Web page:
In my book The Mormon Defenders, I noted that the evidence indicates that Judaism of Jesus' era, before, and after, believed that the "sons of God" in Genesis 6 were fallen angels, and that this understanding is also indicated by 1 Peter. As a supplement to this, we now also consider Genesis 6 itself and the views of that passage, as presented by Matthews' commentary on Genesis [324ff]. (We'll leave out of consideration such ideas as that they were aliens.)
Support for this is found in the use of the terms "sons of God" for angels in the Bible itself (Job) and in non-Biblical but culturally related texts (from Ugarit, for example, where it is used of lesser deities). Matthews admits that this is the earliest known understanding of the text of Genesis (since the 2nd century BC), and was adopted by Christian writers, though later rabbis endorsed the second view (below).
Matthews replies to this view as follows:
- There is no contextual identification in Gen. 6. This can be readily admitted, but the same applies for any other view of this passage.
- Matthews says that Gen. 6:1-8 "concerns humanity and its outcome, not angels and their punishment," but this is a case of assigning a topic arbitrarily ("humanity") and then objecting that another topic does not fit. The lack of reference to angelic punishment is not meaningful; and one may as well say that the subject here is, "humanity -- what happened when fallen angels stepped in".
- A major objection of Matthews and many opponents is that this understanding makes procreation a power of angels, whereas Jesus said that angels do not procreate [Matt. 22:30]. However, Matthews admits that angels are said to take on human traits, even eating (as they did with Abraham), and while this would not prove that fallen angels could acquire procreative properties as well, one may suggest that fallen angels "used the bodies of ungodly men, by demonic possession, to achieve their evil purpose of producing an evil generation of people." Or, the manipulation of matter may have accomplished a similar purpose.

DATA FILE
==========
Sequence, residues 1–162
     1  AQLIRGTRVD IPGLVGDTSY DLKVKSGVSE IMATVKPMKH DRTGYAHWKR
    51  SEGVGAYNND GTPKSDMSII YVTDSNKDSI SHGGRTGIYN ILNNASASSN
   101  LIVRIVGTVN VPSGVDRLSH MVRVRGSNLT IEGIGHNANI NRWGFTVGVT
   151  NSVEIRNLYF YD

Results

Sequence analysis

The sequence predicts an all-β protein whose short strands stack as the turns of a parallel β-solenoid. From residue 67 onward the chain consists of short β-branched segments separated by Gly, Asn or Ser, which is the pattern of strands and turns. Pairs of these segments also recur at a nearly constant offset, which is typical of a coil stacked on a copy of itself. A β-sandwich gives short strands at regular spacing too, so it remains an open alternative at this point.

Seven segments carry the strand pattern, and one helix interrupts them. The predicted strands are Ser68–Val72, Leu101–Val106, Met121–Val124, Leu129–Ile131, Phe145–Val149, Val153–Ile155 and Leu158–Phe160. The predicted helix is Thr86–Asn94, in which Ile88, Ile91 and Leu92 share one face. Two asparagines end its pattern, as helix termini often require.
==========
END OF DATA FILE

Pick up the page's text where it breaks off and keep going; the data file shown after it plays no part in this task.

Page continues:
As for Jesus' comment, it is not clear whether this is because angels cannot engage such activity by nature, or are simply forbidden to. Note that Jude 1:6-7 says that angels who "left their habitation" and, like Sodom and Gomorrah, went after "strange flesh", which would suggest that the latter is more likely.
- Matthews acknowledges the interpretation of 1 Peter, but answers by providing alternate views which we addressed in The Mormon Defenders in the Appendix.
This was a view of the rabbis and ties in with the reference in Ps. 82 of human rulers as elohim. Matthews acknowledges that this does not satisfy contextual requirements either (Gen. 6 does not refer to kingship), and rulers of the period did consider themselves to be divine progeny. But it is hard to see why this should have received any special notice from Genesis.
This view is held by many Christians today and was held by Augustine and the Reformers. Matthews allows that this view has its "share of difficulties" (though he does not name any) but it is what he considers most attractive.
His positive evidence is:
- This would relate the text back to the two lines of Seth and Cain in Chs. 4 and 5. But this would neglect the dimension of what were likely numerous other children had by Adam and Eve (5:4), and it is also questionable as to why the lines of Seth and Cain specifically, and not other human lines, would produce "mighty men".
Matthews also allows, a bit contraily, that the "daughters of men" may not just mean Cainite humans; but this undermines the very understanding he is trying to adhere to.
- It is noted that the phrase can have a "genitive quality" and be read as, "godly sons".
But one wonders whether this would achieve a coherent parallel with the phrase "daughters of men," and there is also no particular reason why godliness ought to produce "mighty men" particularly when other human lines apparently do not (or are not said to).
- It is said to resonate with that Israelis are called "children of God". Yet this is not the same as "sons of God", and one may ask: Were there no "daughters of God" marrying "sons of men"?
- There is no evidence that the family lines of Cain and Seth were told to separate themselves from each other, or even that of Seth from that of Cain; there is no reason to consider the whole line of Cain as somehow "ungodly"; and there is no reason to suppose that the line of Seth was especially "godly". Indeed, was it godly to marry the daughters of men, if it was known they were generally wicked?
Our conclusion is that option 1 in some form is the one that best coheres with the textual evidence; in particular, because of NT verification.